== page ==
Photo by National Cherry Festival
Festivals celebrating many aspects of life are scheduled throughout the year in the Traverse City area. These festivals celebrate cherries, microbrews, wine, comedy, films, equestrians, ski races, and even macaroni and cheese!
Others celebrate women and seniors, boats, homes, food, blossoms and trains. And still others feature children’s books, mountain bike races, businesses, hunting and fishing, and RVs.
Here we’ve condensed the most popular annual happenings, so you can see at a glance which time of year you may want to visit our wonderful area. Welcome to Grand Traverse County!
The wineries of Old Mission Peninsula celebrate Blossom Days annually in mid-May. On that weekend, winemakers invite the public to their tasting rooms to sample unreleased wines in addition to their customary tasting list. A souvenir glass and tasting at all eight Old Mission wineries are included in the ticket price. Tickets go on sale 60 days before the event.
The Leelanau Peninsula Birding Festival is held annually for three days in late-May, and is hosted by the Leelanau Peninsula Chamber of Commerce. A variety of festival field trips are offered within this event.
The Traverse City area bursts at the seams each summer when the National Cherry Festival occurs. The festival includes eight days of air shows, concerts, parades, food tastings, arts/crafts show, and fireworks.
The Northwestern Michigan Fair in Traverse City is held in mid-August. It was established in 1908 and has been held at its current location on Blair Townhall Road, Traverse City, since 1975. The fair continues to follow its original purpose of celebrating area agriculture and youth programs.
Downtown Traverse City bustles with party goers for the annual CherryT Ball Drop held on New Year’s Eve. CherryT is a play on words for Charity and the cherry, a symbol of the Traverse City region, which grows about 75% of the nations tart cherry crop each year. The celebration takes place at the downtown intersection of Front Street and Cass Street. The family-friendly event sees crowds estimated at 8,000 to 12,000 people.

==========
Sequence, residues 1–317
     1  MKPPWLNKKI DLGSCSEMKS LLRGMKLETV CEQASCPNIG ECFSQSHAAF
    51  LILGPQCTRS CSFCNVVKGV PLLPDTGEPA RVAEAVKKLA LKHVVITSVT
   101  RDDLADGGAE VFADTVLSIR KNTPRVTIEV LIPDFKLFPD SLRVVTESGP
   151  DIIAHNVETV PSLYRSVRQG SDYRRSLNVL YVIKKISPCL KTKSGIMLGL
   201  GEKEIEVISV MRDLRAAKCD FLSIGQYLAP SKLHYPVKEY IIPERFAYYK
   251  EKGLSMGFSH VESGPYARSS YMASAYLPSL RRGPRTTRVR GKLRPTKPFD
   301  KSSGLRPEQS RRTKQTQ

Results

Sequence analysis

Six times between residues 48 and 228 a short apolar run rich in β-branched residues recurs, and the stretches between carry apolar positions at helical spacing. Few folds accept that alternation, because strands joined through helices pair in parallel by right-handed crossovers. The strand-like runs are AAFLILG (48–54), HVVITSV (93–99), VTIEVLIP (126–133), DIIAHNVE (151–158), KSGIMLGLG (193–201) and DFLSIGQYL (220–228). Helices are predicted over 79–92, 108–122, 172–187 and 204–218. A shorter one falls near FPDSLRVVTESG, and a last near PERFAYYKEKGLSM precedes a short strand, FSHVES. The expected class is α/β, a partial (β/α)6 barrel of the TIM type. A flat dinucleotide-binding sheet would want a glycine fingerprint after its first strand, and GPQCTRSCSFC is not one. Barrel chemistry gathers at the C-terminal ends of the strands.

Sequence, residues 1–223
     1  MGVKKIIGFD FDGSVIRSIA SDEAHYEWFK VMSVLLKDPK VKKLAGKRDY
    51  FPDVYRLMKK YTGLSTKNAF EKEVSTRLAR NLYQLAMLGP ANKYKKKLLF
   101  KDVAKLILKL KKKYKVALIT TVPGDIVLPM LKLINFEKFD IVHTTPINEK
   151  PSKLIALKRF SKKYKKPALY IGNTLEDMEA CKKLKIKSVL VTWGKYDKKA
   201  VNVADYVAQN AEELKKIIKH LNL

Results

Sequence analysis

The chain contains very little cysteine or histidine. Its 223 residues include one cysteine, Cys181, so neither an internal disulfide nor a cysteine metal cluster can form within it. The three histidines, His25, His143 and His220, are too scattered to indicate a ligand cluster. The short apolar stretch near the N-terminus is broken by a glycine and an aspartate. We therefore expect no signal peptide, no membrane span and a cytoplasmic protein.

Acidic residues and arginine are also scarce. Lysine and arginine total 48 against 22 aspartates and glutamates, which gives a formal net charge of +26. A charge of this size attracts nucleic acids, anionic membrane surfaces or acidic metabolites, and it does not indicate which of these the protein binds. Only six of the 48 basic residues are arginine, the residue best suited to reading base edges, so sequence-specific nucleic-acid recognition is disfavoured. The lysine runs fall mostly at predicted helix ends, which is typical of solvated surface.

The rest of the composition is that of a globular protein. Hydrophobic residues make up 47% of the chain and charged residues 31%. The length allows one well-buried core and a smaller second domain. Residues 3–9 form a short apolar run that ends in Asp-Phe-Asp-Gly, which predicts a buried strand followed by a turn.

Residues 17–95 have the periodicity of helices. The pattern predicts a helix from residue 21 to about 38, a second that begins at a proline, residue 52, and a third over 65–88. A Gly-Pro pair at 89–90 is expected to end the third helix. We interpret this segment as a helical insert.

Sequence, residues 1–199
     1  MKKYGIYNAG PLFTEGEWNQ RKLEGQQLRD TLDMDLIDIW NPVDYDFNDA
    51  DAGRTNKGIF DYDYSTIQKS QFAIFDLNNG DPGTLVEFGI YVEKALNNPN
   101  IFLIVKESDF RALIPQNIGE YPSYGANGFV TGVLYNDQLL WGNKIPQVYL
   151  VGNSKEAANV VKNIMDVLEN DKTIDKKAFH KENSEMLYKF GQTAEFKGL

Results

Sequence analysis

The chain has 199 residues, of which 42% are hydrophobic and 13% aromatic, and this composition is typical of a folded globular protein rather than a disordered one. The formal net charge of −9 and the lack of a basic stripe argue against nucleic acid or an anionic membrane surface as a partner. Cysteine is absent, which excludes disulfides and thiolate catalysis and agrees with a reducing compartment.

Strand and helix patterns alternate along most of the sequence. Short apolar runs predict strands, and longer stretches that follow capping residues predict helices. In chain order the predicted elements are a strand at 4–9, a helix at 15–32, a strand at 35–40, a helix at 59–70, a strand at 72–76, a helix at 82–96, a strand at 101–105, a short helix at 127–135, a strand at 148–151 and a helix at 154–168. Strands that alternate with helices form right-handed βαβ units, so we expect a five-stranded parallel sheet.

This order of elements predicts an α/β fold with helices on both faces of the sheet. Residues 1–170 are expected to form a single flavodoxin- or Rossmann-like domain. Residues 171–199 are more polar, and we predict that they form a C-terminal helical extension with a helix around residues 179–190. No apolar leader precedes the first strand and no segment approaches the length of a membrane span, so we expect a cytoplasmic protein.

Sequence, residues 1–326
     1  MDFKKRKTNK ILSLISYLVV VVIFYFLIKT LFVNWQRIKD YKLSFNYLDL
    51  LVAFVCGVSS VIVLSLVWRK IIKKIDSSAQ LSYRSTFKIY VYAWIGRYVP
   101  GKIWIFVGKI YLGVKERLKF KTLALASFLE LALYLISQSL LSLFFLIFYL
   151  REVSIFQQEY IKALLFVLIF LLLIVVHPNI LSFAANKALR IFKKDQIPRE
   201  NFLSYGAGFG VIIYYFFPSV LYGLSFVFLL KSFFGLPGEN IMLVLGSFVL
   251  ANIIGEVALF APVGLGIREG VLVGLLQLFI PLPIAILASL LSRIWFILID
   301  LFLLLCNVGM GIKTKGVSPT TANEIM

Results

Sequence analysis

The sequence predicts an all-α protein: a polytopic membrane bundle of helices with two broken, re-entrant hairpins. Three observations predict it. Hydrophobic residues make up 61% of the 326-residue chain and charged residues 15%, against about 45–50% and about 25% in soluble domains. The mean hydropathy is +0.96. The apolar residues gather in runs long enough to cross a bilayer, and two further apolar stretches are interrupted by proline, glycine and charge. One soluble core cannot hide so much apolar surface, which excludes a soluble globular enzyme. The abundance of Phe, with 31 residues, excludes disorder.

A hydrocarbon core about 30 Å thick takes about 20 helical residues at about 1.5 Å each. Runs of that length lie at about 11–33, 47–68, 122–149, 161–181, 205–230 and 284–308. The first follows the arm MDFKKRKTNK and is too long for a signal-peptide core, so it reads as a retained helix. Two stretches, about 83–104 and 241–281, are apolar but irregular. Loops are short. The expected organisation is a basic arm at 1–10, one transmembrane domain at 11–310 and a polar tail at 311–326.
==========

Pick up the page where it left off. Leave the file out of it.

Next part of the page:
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Sleeping Bear Sand Dunes has miles of sand trails and hills, where hikers are rewarded at the end with spectacular views of Lake Michigan.
Get some fresh air and exercise during those cold winter months when you hit the Pentwater Pathway for cross country skiing and snowshoeing.
The Manistee Riverwalk follows the Manistee River from Jones Street, under the US-31 bridge, behind downtown, and ends at First Street beach.
Beautiful color emerges come Fall. Take it all in with an afternoon drive, or stroll, through the many forests of West Michigan.
The spring/fall runs of steelhead and salmon, the resident brown trout and “brookies” make the PM River extremely popular for fishing.
The Annual Show of the Western Michigan Old Engine Club is held the first weekend of August at Scottville’s Riverside Park.
The Ramsdell Regional Center for the Arts is a cultural center in West Michigan and plays an integral part in Manistee’s history.
The Pentwater River provides opportunities to experience a paddle sport for the first time or take on a challenge for those more experienced.
Find artifacts, photographs, and lots of information and stories about the rich history of Pentwater at this historic museum!
Take a tour on the Historic S.S. City of Milwaukee car ferry and the U.S. Coast Guard Cutter Acacia docked in Manistee, Michigan.